Publication details for Dr Susanne WeisWeis, S, Hausmann, M, Stoffers, B, Vohn, R, Kellermann, T & Sturm, W (2008). Estradiol Modulates Functional Brain Organization during the Menstrual Cycle: An Analysis of Interhemispheric Inhibition. The Journal Of Neuroscience 28(50): 13401-13410.
- Publication type: Journal papers: academic
- ISSN/ISBN: 0270-6474, 1529-2401
- DOI: 10.1523/JNEUROSCI.4392-08.2008
- Keywords: Functional cerebral asymmetries, Functional magnetic resonance imaging, Menstrual cycle, Sex differences, Interhemispheric inhibition, Connectivity.
- View online: Online version
- Durham research online: DRO record
Author(s) from Durham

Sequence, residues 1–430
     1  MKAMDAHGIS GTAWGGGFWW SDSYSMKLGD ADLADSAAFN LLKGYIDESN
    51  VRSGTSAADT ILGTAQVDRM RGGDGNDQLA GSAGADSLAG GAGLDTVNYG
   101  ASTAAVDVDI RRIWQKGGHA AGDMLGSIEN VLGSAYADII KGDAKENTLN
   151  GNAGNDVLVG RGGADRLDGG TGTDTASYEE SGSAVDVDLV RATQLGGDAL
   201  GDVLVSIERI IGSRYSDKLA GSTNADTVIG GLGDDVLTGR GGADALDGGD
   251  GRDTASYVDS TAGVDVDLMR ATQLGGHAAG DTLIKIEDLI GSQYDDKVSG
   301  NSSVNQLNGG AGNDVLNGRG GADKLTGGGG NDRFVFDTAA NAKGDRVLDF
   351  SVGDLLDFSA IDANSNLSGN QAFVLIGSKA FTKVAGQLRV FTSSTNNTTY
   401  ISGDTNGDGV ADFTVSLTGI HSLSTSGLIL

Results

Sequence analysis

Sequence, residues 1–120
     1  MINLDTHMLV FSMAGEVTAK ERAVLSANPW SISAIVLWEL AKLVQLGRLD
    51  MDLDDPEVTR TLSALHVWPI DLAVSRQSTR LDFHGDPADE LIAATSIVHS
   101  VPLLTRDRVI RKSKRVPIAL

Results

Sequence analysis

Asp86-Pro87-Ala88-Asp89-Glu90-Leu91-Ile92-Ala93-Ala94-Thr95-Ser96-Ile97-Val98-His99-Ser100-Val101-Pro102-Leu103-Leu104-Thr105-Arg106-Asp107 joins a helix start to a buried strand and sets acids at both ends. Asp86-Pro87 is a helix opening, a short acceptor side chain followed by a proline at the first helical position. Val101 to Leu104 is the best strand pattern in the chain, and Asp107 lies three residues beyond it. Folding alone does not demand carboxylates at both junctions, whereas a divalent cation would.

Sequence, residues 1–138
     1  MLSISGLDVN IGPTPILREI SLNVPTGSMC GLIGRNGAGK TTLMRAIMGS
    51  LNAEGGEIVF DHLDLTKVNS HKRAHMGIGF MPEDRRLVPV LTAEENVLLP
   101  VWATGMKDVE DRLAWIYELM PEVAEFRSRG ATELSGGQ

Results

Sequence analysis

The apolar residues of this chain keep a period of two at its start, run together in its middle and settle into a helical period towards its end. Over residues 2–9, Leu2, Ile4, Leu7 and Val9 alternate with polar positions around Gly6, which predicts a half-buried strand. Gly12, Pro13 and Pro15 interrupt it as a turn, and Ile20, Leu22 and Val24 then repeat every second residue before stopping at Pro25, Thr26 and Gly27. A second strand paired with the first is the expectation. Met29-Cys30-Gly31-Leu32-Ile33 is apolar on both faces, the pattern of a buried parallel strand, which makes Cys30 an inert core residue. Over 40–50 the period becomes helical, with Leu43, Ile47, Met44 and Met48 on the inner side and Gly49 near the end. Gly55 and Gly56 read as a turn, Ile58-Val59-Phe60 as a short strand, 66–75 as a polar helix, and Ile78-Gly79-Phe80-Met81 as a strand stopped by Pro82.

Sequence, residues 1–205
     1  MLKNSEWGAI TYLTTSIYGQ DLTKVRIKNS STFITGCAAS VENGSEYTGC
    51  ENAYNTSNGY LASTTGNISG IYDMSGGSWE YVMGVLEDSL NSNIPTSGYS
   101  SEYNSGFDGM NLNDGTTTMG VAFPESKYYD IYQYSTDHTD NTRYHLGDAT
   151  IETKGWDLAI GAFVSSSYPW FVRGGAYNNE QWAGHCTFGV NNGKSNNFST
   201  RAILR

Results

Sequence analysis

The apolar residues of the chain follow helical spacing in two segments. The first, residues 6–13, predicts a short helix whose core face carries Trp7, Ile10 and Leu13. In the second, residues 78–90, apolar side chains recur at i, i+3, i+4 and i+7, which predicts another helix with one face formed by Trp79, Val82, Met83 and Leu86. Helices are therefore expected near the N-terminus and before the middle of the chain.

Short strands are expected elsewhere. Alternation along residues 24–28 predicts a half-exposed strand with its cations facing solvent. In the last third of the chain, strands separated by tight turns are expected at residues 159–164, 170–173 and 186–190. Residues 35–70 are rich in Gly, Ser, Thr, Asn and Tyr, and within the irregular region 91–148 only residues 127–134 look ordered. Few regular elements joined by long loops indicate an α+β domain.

According to the hypothesis of progesterone-mediated interhemispheric decoupling (Hausmann and Güntürkün, 2000), functional cerebral asymmetries (FCAs), which are stable in men and change during the menstrual cycle in women, are generated by interhemispheric inhibition of the dominant on the nondominant hemisphere. The change of lateralization during the menstrual cycle in women might indicate that sex hormones play an important role in modulating FCAs. We used functional magnetic resonance imaging to examine the role of estradiol in determining cyclic changes of interhemispheric inhibition. Women performed a word-matching task, while they were scanned twice during the cycle, once during the menstrual and once during the follicular phase. By use of a connectivity analysis we found that the inhibitory influence of left-hemispheric language areas on homotopic areas of the right hemisphere is strongest during the menses, resulting in a pronounced lateralization. During the follicular phase, due to rising estradiol levels, inhibition and thus functional cerebral asymmetries are reduced. These results reveal a powerful neuromodulatory action of estradiol on the dynamics of functional brain organization in the female brain. They may further contribute to the ongoing discussion of sex differences in brain function in that they help explain the dynamic part of functional brain organization in which the female differs from the male brain.